There are a few RV parks in the area, but the Blue Sky RV Park is probably your best bet for setting up a home base. Tucked away in the woods at the base of Tiger Mountain, it’s a 15-minute drive to the Salish Lodge and Spa, which you’ll know better as the Great Northern Hotel. That’s where you’ll find those views of the falls from the show’s opening titles. If you want a night or two out of your RV, their rooms are a luxurious indulgence, but don’t pass up a quick stop for a meal or a drink. Make sure to ask for a table by the window, or else check out the more casual “attic” space. If you want to finish off that meal with some cherry pie and damn good coffee, you’re less than five miles from the Double R Diner (it’s real-life name is Twede’s).
We’re not done! A few miles north, you’ll find the Roadhouse, or Bang Bang Bar. The high school used for filming in the show is also nearby (it’s called Mount Si). And the “Welcome to Twin Peaks” sign is on your way into town, though if you want to stop at the site where it should be (41433 SE Reinig Road), the view is still impressive enough to justify a photo op.
Beyond pop culture, the Cascade Loop is one of the best drives in America. It starts 25 miles north of Seattle and includes about a million possible stops: Mt. Rainier, North Cascades National Park, Lake Chelan, Leavenworth, the Stevens Pass Greenway…the list goes on. Give this entire shebang five days at the very least, and don’t forget your camera’s battery charger.
The artsy: Marfa, Texas
Deep in the desert of rural West Texas might not be where you’d expect to encounter a major hub of contemporary American art and culture, but that’s what you’ll find in Marfa. The city’s own website describes it as, “Tough to get to. Tougher to explain.” Accurate on both counts. Luckily, traveling by RV will cut down on the laborious ordeal of trying to fly into Marfa (the nearest major airports are both 200 miles away).
The town has served as a rustic retreat for artists of all mediums looking for some inspiration and isolation. It’s also a major destination for prominent minimalist art. Starting in the 1970s, New York artist Donald Judd began transforming Marfa. He bought two giant hangars and a number of other buildings (he even acquired a former military base) and turned them into art spaces. Today, the town has museums, galleries, and large-scale art installations scattered throughout its entirety. If you visit, absolutely do not miss the Judd Foundation tours. Their offices happen to be only a mile from the Tumble In RV Park, just east of town.
Check the events schedule before you go, as there are festivals you’ll probably want to experience. Most notably: the annual Marfa Myths music and multimedia festival, and the Marfa Lights Festival, named after the mysterious orbs of light that occasionally appear outside of town. Which brings us to…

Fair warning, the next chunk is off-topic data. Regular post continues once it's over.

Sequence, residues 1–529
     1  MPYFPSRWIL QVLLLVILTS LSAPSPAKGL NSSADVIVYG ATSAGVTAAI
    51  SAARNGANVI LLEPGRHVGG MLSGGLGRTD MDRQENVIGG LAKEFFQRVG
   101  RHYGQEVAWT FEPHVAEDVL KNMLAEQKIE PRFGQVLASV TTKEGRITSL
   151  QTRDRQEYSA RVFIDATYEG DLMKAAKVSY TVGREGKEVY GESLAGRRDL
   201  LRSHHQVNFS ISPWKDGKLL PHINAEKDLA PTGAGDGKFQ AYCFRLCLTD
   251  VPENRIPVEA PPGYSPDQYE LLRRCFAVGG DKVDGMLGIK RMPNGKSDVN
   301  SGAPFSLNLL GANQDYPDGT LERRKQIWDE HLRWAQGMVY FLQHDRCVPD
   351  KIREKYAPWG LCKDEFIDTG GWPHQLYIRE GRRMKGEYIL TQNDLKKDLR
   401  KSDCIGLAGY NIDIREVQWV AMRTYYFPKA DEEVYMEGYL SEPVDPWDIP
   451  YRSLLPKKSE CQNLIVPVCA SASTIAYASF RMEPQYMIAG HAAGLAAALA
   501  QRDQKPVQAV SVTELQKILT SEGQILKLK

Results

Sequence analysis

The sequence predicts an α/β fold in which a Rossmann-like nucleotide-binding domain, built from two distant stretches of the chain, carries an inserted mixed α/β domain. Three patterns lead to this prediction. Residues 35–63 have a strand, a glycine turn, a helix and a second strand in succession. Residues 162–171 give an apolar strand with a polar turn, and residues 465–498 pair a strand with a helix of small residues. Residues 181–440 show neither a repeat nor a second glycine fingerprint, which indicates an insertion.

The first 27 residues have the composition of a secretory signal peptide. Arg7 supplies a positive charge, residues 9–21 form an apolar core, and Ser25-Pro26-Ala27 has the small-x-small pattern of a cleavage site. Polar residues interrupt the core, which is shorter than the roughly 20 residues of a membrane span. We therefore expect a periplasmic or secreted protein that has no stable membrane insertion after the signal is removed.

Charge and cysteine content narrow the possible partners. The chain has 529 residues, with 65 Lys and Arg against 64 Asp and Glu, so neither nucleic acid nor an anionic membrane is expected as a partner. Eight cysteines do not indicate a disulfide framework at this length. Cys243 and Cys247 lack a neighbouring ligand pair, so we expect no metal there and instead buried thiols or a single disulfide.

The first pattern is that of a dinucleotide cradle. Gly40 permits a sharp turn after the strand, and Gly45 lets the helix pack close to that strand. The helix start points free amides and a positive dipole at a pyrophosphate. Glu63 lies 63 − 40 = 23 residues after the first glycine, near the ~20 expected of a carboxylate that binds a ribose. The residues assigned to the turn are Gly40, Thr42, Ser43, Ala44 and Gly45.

The bizarre: A UFO tour through the American Southwest
When it comes to iconic road trip destinations, Roswell, New Mexico, has to be near the top of the list. I first stopped here on one of my family’s cross-country trips when I was about 12, so the campy International UFO Museum & Research Center, with its displays of the sort of aliens you’d expect to see in a 1960s sci-fi movie, was right up my alley.
But Roswell isn’t the only extraterrestrial hotspot in the American Southwest, especially if you’re eager to cover some major ground. I’d recommend starting in Aurora, Texas, the site of one of the earliest recorded UFO sightings in the US. In 1897, after a number of reported glimpses, a “cigar-shaped” spacecraft crashed into a local windmill…or so the story goes. The pilot of the craft was said to have been “not of this world” and was buried in the Aurora Cemetery, where you can visit the apparent alien’s unmarked grave and decide for yourself. Check out Lee’s Country Campground in nearby Rhome if you’re staying the night.
From Aurora to Roswell is about a seven-hour drive, and from there you can continue west to Sedona, Arizona. The town is full of UFO tours, many of which are “guaranteed” with money-back offers, and reviewers claim to have witnessed sometimes dozens of sightings in a single evening via military-grade night-vision goggles. Sedona is also reputedly a vortex energy hot spot. Many people, even skeptics, describe feeling calm, energized, or balanced, depending on the specific vortex (they say there are at least four in the area).
Finally, if you have one last stop in you, you can’t do a UFO tour without getting the RV near the famous Area 51, located about 80 miles northwest of Las Vegas, Nevada. Note that you can’t actually visit the military base, rumored to be the site of alien experiments and the reverse engineering of alien spacecrafts. However, the incredibly small town (as in a population of about 50) of Rachel, Nevada is worth a trip of its own. The Little A’Le’Inn restaurant and inn has all your kitschy memorabilia needs covered, along with UFO tours and plenty of locals willing to share their stories. It’s got about a million fewer people than Yellowstone, and way more aliens. At least, probably. You won’t know until you go.